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Bostock v. Clayton County: Supreme Court Protects Sexual Orientation and Gender Identity in the Workplace

On June 17, 2020 by Schnader in Labor and Employment

Jo Bennett and Brian M. Wallen published a client alert, “Bostock v. Clayton County: Supreme Court Protects Sexual Orientation and Gender Identity in the Workplace.”

On June 15, 2020, the U.S. Supreme Court ruled that the federal law prohibiting “sex” discrimination in the workplace also protects against bias based on sexual orientation and gender identity. In a 6-3 decision, Justice Neil Gorsuch wrote for the majority that “sex” necessarily served as the reference point for bias based on sexual orientation or gender identity and thus sexual orientation and gender identity are protected traits under Title VII of the Civil Rights Act of 1964 (“Title VII”). “If the employer fires the male employee for no reason other than the fact he is attracted to men, the employer discriminates against him for traits or actions it tolerates in his female colleague,” Gorsuch wrote in Bostock v. Clayton County.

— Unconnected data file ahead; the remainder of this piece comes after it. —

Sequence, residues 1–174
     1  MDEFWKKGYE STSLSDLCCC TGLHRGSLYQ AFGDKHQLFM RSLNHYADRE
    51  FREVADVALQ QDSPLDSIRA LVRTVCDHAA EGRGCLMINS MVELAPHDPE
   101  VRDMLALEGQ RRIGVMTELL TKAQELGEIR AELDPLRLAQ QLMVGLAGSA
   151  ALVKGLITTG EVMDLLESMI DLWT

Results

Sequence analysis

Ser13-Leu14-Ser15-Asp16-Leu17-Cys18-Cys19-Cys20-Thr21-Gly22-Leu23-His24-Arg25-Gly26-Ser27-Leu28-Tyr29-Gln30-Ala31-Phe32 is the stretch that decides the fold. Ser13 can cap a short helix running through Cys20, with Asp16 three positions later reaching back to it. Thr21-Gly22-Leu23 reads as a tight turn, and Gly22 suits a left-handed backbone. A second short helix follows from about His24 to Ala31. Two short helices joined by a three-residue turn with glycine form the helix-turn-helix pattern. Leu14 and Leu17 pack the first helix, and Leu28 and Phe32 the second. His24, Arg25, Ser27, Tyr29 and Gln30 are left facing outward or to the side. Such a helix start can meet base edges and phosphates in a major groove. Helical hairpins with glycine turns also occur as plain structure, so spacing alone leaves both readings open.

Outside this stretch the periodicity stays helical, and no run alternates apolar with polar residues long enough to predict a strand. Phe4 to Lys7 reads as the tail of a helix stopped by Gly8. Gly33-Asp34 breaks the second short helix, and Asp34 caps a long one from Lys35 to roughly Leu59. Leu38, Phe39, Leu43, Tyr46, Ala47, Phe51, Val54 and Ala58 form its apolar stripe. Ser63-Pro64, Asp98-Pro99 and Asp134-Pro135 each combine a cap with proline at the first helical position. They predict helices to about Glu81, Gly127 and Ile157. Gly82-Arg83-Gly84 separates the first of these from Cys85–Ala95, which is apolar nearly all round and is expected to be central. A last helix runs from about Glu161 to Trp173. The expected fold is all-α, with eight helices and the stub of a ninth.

Click here to read the full Alert.